jueves, 3 de agosto de 2023

WHAT IS THE BEST TREATMENT OPTION FOR PODOCONIOSIS? - MOSSY FOOT DISEASE - Organic Lymphatic Vascular Disease - Organic and physical Impairment - Secondary Lymphedema - Pediatric Lymphedema - Infectious Cellulitis - Dermatolymphangioadenitis (DLA) - Lymphostatic Elephantiasis - Best Clinical Practice Guideline - Treatment Protocol - Patient Care Pathway - Education and Health care - Disability and Morbidity Prevention


Podoconiosis is a non-filarial, non-infectious disease, caused by long-term exposure to red clay soil derived from volcanic rock which causes destruction of the lymphatic circulatory system in the feet and legs. Once lymphedema (Organic Lymphatic Vessel Disease) is established, the well-known cutaneous manifestations and natural progression of the disease are clear. 


The infection is stated to occur mostly in childhood and the disease first becomes symptomatic in the early teens and affects both sexes. It starts first from the feet and then spreads up the legs to the level of the knees, and is caused by blockage of regional lymph nodes and vessels. Although both legs are involved, leg swelling tends to be asymmetrical.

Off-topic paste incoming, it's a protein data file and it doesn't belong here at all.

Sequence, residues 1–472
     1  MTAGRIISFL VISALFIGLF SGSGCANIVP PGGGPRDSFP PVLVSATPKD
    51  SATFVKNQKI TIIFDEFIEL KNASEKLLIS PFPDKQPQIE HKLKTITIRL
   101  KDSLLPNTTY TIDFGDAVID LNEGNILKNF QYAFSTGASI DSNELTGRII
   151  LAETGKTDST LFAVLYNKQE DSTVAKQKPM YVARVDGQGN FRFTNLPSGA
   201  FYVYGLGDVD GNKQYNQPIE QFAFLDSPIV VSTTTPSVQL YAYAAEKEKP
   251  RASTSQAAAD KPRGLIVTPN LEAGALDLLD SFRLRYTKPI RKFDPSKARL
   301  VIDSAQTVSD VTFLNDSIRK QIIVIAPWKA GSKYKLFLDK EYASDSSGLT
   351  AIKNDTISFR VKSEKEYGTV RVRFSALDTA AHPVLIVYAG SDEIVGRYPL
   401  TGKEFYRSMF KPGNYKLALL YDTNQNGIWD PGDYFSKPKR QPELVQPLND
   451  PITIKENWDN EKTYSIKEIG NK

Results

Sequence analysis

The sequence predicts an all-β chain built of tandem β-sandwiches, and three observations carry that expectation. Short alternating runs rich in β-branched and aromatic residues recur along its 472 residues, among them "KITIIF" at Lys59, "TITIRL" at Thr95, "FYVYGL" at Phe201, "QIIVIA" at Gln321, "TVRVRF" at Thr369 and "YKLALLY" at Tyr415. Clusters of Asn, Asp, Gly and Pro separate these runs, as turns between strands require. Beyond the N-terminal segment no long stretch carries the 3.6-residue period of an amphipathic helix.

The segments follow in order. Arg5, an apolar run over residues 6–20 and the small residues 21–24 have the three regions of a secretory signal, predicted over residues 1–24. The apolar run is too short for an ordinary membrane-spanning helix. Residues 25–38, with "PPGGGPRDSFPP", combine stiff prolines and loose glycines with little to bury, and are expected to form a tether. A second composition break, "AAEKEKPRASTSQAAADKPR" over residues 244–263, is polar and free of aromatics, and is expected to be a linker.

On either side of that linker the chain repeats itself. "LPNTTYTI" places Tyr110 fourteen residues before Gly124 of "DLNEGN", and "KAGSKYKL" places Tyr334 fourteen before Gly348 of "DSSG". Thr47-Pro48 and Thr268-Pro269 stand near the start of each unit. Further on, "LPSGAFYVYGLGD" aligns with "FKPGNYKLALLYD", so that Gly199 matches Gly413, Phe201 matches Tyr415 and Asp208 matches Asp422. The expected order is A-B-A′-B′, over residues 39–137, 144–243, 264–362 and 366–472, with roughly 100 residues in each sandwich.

Podoconiosis disease is most prevalent in resource-limited countries and especially among agrarian people who work barefoot, particularly in the neighborhood of volcanoes.

 

Podoconiosis symptoms include leg and foot pain, flare with exertion, itching, burning, swelling in the sole of the foot, marked soft tissue thickening, underlying bone changes, and bacterial infection. If left untreated or undertreated, the condition progresses toward Stage III Lymphedema, also called elephantiasis, characterized by large edema, and leathery pigmented feet. and lower leg disability and disfigurement. Read more about the signs, symptoms, and complications of lymphoedema HERE.



Lymphedema is a progressive disfiguring and disabling disease of the skin, classified as a functional, immune, and lymphatic circulatory system disorder (Organic Lymphatic Vascular Disease). The lymphatics are an active and integrated component of the immune response, and in lymphedema, there is always an increased susceptibility to infection due to the compromised immune system. Read more about what is an Organic Impairment HERE


Lymphedema arises when there is a disruption of lymphatic flow (Organic Impairment), leading to the buildup of lymphatic fluid. It is clear that no patient or their lymphedema is the same and neither is its progress. Some patients with lymphedema have few symptoms, and can easily do different degrees of physical activity, while others feel the strain, experience increased swelling with minimum effort, or even suffer varying degrees of disability and severe complications.